Tuesday, March 30, 2010

Down All The Days

Down All The Days by Henry Marriott
One day early in 1940 my mother deposited my sister Mary and myself at St Georges. My sister was aged 10 and I was 6. Being older Mary was immediately housed in Preston while I was to spend the night with my mother at the school hospital (now Hesketh House) . Sister Spenser who was the School Nurse decided I needed a bath, she drew the bath water and ordered me to strip. I was horrified, as the only people who had bathed me previously was my mother or an ayah, and certain parts of my body I thought were not for general exhibition, I was persuaded to cooperate and I suffered the indignity disapprovingly. My mother accompanied me to Oldham House the next day where I wished her a tearful goodbye with promises on her part that she would send for us in November... We didn’t see her in the next four years. We spent our Christmas holidays either at school or one year we spent them with Miss Spencer and her sister in Chinnapatna in Mysore where she ran a Maternity Hospital for Muslim women, part of the hospital was an Ashram run by a group of Indian Missionaries.
Sister Spenser was a large Australian lady from Perth and when some time later I was confined in hospital with some malady, I remember on fine afternoons she would take her gramophone out to the garden and play recordings of Dame Nellie Melba, Waltzing Matilda and other Australian ditties, which seemed to cause her considerable anguish, tears ran down her cheeks, her breasts heaved with emotion and her shoulders shook as she wept. But she was enjoying herself apparently. because she frequently played her gramophone either in her quarters or in the garden. The hospital was very short of reading material as the Sister only allowed The Church Times, which included the sermon of the week, John Bunyan’s Pilgrims Progress ( which I read in daily instalments) and the Eye Chart which had a confusing plot as it went E, TB, DLN. PCER, FBZDE, etc. not as uplifting as Pilgrims Progress.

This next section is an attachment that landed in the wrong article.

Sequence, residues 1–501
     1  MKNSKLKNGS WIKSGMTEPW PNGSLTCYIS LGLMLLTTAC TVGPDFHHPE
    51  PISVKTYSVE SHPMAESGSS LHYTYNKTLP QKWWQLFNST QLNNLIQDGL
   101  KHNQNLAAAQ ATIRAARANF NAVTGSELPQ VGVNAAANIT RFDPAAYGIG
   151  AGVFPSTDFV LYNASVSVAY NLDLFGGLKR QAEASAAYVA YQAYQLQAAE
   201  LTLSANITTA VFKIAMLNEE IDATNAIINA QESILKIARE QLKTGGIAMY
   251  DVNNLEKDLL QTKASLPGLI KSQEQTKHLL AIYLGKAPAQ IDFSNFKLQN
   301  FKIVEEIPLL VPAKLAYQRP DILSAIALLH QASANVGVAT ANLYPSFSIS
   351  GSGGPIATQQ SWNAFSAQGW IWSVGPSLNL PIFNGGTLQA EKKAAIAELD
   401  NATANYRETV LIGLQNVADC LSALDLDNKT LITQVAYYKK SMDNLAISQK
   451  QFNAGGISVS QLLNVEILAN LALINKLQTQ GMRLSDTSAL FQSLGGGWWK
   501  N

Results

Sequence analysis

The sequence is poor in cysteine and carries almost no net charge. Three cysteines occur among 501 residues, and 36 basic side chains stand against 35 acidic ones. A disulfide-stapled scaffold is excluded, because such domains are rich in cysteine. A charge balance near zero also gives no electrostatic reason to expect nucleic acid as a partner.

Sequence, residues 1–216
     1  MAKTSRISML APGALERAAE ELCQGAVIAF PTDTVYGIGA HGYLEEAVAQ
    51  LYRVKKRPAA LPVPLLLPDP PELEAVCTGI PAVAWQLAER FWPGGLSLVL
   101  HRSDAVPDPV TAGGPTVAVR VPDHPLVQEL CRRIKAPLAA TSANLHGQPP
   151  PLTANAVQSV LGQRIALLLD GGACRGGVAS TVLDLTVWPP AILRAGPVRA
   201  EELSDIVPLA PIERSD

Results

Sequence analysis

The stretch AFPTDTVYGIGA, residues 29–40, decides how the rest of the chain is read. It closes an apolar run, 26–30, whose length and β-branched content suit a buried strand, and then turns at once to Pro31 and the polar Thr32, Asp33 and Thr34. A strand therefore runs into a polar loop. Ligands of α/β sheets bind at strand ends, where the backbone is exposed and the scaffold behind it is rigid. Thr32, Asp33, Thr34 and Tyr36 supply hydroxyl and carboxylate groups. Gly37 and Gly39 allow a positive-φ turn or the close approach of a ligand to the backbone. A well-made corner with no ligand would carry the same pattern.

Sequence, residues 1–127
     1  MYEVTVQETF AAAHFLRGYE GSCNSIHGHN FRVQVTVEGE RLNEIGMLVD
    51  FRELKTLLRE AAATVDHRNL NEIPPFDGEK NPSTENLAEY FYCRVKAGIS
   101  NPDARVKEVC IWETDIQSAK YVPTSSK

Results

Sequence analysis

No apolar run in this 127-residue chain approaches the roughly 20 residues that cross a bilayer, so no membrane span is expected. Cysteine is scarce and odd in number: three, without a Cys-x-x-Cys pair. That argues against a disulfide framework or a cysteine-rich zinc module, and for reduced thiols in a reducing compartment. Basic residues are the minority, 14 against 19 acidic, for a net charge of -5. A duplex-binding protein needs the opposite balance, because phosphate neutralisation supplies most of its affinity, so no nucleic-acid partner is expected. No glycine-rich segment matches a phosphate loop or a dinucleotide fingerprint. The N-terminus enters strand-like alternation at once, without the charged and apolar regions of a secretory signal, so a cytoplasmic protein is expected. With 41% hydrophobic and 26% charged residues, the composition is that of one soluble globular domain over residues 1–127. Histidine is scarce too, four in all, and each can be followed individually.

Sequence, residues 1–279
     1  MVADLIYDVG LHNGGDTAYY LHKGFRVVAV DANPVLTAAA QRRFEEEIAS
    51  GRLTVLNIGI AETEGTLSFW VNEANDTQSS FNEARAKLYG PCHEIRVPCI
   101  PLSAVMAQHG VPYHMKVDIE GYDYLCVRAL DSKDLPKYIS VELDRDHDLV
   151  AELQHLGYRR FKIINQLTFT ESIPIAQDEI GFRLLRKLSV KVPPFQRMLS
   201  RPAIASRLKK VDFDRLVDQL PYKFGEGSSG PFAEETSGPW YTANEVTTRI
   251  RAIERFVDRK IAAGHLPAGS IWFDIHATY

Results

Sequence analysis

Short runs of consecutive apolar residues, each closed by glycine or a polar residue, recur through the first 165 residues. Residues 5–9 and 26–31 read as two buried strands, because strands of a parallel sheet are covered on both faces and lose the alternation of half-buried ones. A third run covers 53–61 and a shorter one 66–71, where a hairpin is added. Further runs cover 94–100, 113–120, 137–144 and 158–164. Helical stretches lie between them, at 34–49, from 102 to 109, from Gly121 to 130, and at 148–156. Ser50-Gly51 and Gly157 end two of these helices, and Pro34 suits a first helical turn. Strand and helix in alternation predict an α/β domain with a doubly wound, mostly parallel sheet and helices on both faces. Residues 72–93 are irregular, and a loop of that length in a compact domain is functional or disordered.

Oldham House was in the care of Miss Richards, or Pitchie as she was called. She was red haired and freckled and a very lovely person. I remember on fine weekend afternoons we took our afternoon naps on the very luxuriant lawn in front of the House and she would take the opportunity to cut our nails. I remember she once got me to stand in the corner of the play room for some minor infringement and forgot me, about an hour later I was desperate and called out but she had gone out so I wet myself it was only when she performed her nightly rounds did she discover a very wet and shamed lad. She actually apologised for forgetting me and gave me a biscuit in propitiation.
In those days we didn’t wear any form of footwear or underwear for that matter Our clothing comprised of a khaki shirt and shorts, and a rain cape which had at all times when not raining, to be neatly folded and carried draped across the left shoulder. In cold weather it was miserable, it was difficult to get warm, we suffered from chaps on the feet and lips, and I had cracked heels as well. The remedy was Vaseline for the feet which made them black as they picked up dust. and for the lips whatever the scrape that was spread on the bread.. The Principal at this time was Rev Key, a very remote person. It was only when Mr Wynter-Blythe became Principal that we were required to wear chappals

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